OneDnD You own D&D

delericho

Legend
Or I might just burn it all to the ground and declare bankruptcy - that's probably where my running it would end up, so maybe this is just more efficient? :)
 

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Aldarc

Legend
Let's say you won that 1.5 billion lottery and bought D&D. What do you do with it?
Re-release a polished 4e D&D (and Nentir Vale sourcebook) under an irrevocable OGL or equivalent license. Step away and let the 3pp retrocloners and hackers breath new life into the project as part of a New School Revival.
 

Re-release a polished 4e D&D (and Nentir Vale sourcebook) under an irrevocable OGL or equivalent license. Step away and let the 3pp retrocloners and hackers breath new life into the project as part of a New School Revival.
That's why I'd want to put up 1e and 2e SRDs, too. Let folks make ANY version of D&D they want
 

Whizbang Dustyboots

100% that gnome
Let's say you won that 1.5 billion lottery and bought D&D. What do you do with it?
First, set all of my social media channels to private and change my phone number.

Second, I'd want to maintain the current game's status quo while simultaneously getting together a team to look at possible improvements. The intent wouldn't be a new edition, but to find things that can be folded in, with supplements over time. They would be informed that 4E is no longer radioactive and encouraged to bring compatible things forward without fear. (I'd expect the bloodied condition, for instance, to return.)

If and when the current version is running into problems, like 3E did at the end of its life, when there were too many unintended consequences making a mess of game balance and ease of play, that second team would be the nucleus of designing the next edition. But the intent would be to have the game go as long as reasonably possible between editions and to make the differences between editions as small as possible.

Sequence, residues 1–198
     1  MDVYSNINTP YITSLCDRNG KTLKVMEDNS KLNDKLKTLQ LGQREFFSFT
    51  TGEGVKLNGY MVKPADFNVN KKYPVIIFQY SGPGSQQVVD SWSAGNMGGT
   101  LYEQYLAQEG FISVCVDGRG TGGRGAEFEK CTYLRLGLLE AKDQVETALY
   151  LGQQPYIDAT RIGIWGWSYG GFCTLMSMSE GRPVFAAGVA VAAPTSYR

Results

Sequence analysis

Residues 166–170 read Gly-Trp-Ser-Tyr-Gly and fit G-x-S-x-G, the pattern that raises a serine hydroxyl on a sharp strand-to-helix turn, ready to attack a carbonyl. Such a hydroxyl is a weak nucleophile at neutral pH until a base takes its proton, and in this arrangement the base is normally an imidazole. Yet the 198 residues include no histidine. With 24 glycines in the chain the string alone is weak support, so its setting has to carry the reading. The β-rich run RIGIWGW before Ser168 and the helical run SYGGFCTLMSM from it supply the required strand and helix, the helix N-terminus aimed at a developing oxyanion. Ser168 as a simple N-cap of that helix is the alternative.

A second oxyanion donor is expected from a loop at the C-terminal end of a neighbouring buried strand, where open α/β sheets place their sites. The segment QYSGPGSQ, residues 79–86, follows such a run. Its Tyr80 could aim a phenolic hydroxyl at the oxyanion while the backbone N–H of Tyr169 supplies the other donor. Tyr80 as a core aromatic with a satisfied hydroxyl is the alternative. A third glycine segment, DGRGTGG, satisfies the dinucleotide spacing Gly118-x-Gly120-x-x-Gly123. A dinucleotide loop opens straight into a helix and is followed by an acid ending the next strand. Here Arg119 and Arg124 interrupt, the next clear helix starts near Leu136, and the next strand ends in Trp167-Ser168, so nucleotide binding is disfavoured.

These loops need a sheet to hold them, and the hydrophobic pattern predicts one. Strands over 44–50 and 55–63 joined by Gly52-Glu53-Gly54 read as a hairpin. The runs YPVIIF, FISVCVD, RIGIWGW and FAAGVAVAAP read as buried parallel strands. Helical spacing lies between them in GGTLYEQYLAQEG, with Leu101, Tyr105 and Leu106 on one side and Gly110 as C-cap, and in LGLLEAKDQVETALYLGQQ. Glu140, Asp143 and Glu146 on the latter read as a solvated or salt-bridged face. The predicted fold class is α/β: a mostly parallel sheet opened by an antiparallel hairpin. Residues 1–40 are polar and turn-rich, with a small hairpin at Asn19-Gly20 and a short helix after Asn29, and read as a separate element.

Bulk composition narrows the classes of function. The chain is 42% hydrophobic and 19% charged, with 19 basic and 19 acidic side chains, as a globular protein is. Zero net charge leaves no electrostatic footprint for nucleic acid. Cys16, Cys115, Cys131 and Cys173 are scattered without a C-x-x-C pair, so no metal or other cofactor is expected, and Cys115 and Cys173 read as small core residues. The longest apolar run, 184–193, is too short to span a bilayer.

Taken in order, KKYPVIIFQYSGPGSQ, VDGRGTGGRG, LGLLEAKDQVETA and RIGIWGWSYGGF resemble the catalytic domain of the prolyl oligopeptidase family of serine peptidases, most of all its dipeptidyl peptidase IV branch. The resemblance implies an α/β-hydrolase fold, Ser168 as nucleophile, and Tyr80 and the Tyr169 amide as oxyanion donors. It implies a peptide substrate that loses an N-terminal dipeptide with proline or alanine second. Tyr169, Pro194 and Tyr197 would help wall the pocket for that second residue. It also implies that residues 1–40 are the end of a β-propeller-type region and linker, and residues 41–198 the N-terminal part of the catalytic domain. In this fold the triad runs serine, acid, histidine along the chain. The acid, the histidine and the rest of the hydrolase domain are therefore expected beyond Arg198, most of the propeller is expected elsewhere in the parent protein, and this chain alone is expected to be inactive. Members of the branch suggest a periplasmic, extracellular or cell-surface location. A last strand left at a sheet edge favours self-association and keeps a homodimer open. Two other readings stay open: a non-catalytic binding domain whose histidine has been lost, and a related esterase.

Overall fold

Designers who wanted a radically different set of toys to play with would be encouraged to do so in a boutique line of limited run games and settings rather than necessarily going elsewhere. (There would be a vetting process. Anyone suggesting we publish hot garbage would be allowed to work on their wildly different system outside the company.)

I would make a comprehensive audit of our IP and open up all of the "no way we're ever doing more with this stuff" category (JAKANDOR!) for fanpro use on DMs Guild.

I would continue the relatively slower pace of content roll-outs, particularly full-fledged settings. I'd probably cap settings at one a year and support it by having the adventures and supplement releases for the year have optional hooks published in them that would work with the setting of the year, although setting books would stand alone unless an astonishing product suggestion was made.

I'd also roll through the back catalog and, as they go out of print, update them to modern trade dress, incorporate rules or lore updates as well as run everything through better sensitivity readers, and go wider in scope than in the past, as there are definitely still blindspots that current systems don't catch.

I'd continue supporting digital products, including selling bundles, but also as a way to do lower-cost and lower-risk products that aren't worth committing the resources for one of the year's big hardcover releases to. This would also be a way to support the yearly settings.

I would reach out to a broader array of designers and developers. In addition to bringing in new voices, I'd also want to work with longtime competitors when it makes sense. If Erik Mona was willing to work on our big one-and-done World of Greyhawk book, for instance, I would figure out a way to make it happen.

I would also create a more robust framework to help more people work with our rule sets, separately from our world content, with an irrevocable 1.0-something OGL, along with a revised SRD. There are things the third party sector will do that will never be worth our time and money, and they should be encouraged to do so, as the rising tide lifts our boats, too. This includes working with outside video game development houses, probably with us as publisher, meaning that we lose some of the revenue but also a lot of the risk at the same time.
 

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